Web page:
noble-hearted martyrs against the assault of each and every beast?
... we were present ourselves, and noted how the divine power of
our Savior, Jesus Christ Himself, to whom they were giving noble
witness in their tortures, gave a very present help at that time
to His martyrs and manifestly showed itself to them.
"For a long time those ravening beasts did not dare touch the bodies
of the Saints or so much as approach them, even as they were ready
to rush upon the unbelievers, who, standing outside the barriers,
one here and another there, incited and provoked them to attack
the victims. And although the blessed soldiers of God stood there
naked in the midst, and provoked the animals with gestures, trying
to bring them to assail them (for they had been expressly commanded
to do so), yet they were the only ones the creatures would not touch.
Indeed, several times when they rushed out upon them, they were
repelled, as though by some heavenly power or influence, and leapt
back again quicker than they had come. And when this was seen to
happen over and over again, it caused no little wonder among the
heathen who saw it, so much so that when one beast made a vain attack,
they would loose a second, and then a third, at one and the same
"At the same time, the spectator would be lost in wonder and astonishment
to see not only the manly and intrepid temper of these Holy Men,
but no less the firm and inflexible constancy exhibited by those
of quite tender years. For you would behold a mere stripling not
twenty years old yet, constrained by no bonds, standing firm, his
arms extended on each side to form a cross, and with gallant and
lofty determination pouring forth prayers to God, his attention
never wavering, not moving a whit to one side or the other from
the spot where he stood while bears and leopards were breathing
rage and death upon him, and actually trying to tear his flesh with
their teeth. But their mouths, by some divine and mysterious power,
were stopped, I know not how, and the creatures hastily fled back
again of their own accord."
One last quotation from Eusebius
on this subject, who speaks repeatedly of Christ's faithful servants
being exposed to wild beasts;
"Others again you might see
for there were five of them in all offered to the horns of a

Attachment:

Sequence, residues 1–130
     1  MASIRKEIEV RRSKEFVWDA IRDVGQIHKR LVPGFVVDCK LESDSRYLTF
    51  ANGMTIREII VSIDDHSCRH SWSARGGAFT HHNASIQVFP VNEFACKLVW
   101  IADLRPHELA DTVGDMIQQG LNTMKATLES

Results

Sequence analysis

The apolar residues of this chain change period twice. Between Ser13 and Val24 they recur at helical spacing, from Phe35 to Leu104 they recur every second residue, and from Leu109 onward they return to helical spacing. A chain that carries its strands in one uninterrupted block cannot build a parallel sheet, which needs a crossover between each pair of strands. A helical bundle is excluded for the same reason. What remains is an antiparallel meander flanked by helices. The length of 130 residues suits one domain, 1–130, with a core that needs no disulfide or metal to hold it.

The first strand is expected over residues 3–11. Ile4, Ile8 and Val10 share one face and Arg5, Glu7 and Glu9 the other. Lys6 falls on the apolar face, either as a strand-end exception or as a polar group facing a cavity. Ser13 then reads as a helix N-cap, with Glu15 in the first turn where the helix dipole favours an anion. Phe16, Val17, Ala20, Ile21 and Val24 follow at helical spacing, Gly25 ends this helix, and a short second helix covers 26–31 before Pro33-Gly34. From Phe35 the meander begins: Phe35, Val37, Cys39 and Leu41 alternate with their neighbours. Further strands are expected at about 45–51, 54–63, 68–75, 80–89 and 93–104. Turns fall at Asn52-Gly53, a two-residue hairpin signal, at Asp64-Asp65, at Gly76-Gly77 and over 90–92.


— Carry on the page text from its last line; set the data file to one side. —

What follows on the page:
huge wild bull. This monster tossed in the air several of the unbelievers
who came near, and mangled them miserably, leaving them half dead
to be dragged away by the hands of their companions; but to the
holy martyrs, although the bull strove to rush at them, burning
with rage and fury, yet it could not so much as come near them.
And although it sprang back and forth with rushing feet and waving
horns, and goaded on with the application of branding irons, breathed
terror and destruction against them, yet was it held back and forced
to withdraw by some interposition of the divine will, until at last,
seeing it could do them no harm, other beasts were loosed against
them instead. At long last, after many different attacks and assaults
of these animals, the martyrs were slain with a sword and committed
to the waves of the sea by way of burial."
Apart from Christian witnesses,
Cornelius Tacitus, the Roman Historian and writer on morals, is also
very clear that the martyrs, clad in the hides of beasts, were delivered
by the Heathen to be torn by dogs, for he states in the Annals:
"So to stifle this rumor (that
he [Nero] had set Rome on fire himself), he brought to trial and
subjected to the most exquisite torments those whom the common folk,
to express their contempt and hatred of them, called Christians.
The originator of this title was one Christ, who, under the Emperor
Tiberius, was punished by the Procurator Pontius Pilate. The mischievous
superstition was suppressed for the time being, but presently broke
out again, not only throughout Judea, the original seat of the evil,
but even in the Capital itself, to which everything abominable and